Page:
Independence, risk, and energy: a view from Saudi Arabia

Nov. 22, 2010
From Saudi Arabia, US bluster about energy independence must look delusional.

by Bob Tippee, Editor

From Saudi Arabia, US bluster about energy independence must look delusional.

Saudi Prince Turki Al Faisal Al Saud, a former ambassador to the US, didn't express the kingdom's view in those stark terms in a Nov. 11 lecture at Rice University's Baker Institute for Public Policy in Houston. But he raised issues frequently overlooked in American discussions of the subject. He asserted, for example, that the pursuit of energy independence eventually will drive producers and consumers toward interdependence. And he supported work on energy other than oil.

"No country can or should power itself from one form of energy," said Faisal, who was ambassador in the US in 2005-07 and in the UK and Republic of Ireland before that. "It is strategically, economically, politically, socially, and environmentally irresponsible."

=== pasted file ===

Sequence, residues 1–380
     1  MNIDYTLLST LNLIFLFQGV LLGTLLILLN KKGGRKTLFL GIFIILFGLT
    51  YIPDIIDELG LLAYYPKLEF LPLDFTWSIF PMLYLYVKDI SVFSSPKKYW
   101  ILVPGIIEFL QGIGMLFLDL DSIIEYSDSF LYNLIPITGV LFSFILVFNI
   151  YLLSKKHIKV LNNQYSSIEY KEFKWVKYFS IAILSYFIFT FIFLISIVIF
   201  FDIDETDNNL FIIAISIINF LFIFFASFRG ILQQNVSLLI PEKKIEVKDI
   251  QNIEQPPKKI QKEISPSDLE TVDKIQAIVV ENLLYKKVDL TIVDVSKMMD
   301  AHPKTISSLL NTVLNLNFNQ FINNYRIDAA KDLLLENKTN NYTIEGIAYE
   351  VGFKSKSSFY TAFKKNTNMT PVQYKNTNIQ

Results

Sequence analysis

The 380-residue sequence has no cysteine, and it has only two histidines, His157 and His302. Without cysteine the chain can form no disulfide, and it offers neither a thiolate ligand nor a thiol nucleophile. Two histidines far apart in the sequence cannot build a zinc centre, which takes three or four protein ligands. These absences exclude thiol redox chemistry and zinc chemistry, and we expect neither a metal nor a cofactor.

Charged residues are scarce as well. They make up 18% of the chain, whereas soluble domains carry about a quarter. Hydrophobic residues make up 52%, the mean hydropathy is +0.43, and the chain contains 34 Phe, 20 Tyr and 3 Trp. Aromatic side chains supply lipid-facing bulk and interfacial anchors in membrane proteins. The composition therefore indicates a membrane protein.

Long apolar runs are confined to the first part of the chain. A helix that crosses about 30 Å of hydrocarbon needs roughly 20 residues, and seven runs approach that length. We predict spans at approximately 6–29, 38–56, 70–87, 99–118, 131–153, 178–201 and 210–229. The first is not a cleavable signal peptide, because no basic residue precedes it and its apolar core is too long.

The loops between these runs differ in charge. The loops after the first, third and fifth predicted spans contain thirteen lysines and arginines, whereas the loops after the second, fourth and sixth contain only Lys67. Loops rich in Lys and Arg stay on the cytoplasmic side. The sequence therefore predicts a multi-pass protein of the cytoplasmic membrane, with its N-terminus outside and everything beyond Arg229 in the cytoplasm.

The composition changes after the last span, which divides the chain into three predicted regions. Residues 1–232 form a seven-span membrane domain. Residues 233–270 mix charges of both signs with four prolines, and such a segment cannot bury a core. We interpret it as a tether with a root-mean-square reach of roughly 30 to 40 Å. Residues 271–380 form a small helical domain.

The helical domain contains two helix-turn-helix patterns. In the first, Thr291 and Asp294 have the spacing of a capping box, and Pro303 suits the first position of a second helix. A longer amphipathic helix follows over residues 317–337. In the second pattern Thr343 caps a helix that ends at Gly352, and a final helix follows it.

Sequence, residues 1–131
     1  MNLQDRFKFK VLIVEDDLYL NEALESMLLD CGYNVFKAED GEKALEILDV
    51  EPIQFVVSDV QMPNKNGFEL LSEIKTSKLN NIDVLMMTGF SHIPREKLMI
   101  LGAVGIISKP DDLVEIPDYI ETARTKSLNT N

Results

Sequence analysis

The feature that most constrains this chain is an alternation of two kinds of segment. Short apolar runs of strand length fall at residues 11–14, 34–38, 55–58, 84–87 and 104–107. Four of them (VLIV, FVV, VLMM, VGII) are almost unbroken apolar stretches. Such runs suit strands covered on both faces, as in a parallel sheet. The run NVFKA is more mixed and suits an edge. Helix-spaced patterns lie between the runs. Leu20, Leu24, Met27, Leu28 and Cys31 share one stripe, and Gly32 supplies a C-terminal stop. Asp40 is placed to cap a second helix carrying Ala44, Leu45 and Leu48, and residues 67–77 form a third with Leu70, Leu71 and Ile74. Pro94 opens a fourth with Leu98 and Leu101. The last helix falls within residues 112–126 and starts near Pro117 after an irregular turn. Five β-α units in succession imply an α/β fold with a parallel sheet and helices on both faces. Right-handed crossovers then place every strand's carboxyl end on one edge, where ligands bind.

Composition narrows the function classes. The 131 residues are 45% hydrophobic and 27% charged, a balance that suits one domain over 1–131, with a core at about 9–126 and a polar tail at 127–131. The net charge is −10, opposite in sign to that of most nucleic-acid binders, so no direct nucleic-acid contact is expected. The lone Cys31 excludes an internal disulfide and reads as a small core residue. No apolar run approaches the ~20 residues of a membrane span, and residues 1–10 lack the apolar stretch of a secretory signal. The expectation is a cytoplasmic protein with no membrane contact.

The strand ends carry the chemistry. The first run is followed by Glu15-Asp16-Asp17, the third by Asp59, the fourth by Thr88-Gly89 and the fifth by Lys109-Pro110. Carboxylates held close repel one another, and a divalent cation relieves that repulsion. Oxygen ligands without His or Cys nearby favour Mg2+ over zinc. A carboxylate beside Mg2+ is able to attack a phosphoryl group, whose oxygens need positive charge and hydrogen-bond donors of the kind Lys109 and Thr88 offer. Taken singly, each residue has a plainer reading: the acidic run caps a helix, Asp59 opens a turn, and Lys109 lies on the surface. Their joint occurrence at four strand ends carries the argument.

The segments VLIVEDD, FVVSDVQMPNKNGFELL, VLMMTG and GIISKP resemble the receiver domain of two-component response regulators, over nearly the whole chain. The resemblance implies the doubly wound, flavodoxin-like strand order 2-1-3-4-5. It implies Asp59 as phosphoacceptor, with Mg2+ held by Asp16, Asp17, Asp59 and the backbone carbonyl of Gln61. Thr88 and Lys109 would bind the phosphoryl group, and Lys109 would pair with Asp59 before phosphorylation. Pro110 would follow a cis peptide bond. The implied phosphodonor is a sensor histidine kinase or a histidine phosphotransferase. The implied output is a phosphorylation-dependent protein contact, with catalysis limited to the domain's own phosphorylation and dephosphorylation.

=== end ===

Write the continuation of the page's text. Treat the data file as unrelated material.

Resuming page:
In fact, the world's most important exporter of oil is developing solar, wind, and nuclear capability and boosting gas use, aiming to meet all its growing needs with nonoil energy. It's also helping other countries advance energy alternatives. But this is no turn away from oil, of which Saudi Arabia holds the commanding reserves position. Faisal disparaged recent announcements of big "reserves" hikes by other countries as "completely hypothetical," based on unproven volumes.

"Were we to begin making claims about unproven reserves," he said, "we would be able to announce the possession of over 700 billion bbl."

As evidence of security of supply from that huge base, Faisal cited the "dozens of years of multibillion-dollar investment" Saudi Arabia has committed to maintaining idle production capacity as a market buffer against supply losses elsewhere. In that context, the Macondo tragedy in the deepwater Gulf of Mexico represents a "cautionary tale," said Faisal.

"To literally go to the ends of the earth to retrieve oil is probably not the wisest long-term energy strategy, especially when a country like Saudi Arabia has so much oil that can be safely retrieved," he said. "But of course in the age of the cries of energy independence, more risks are taken."

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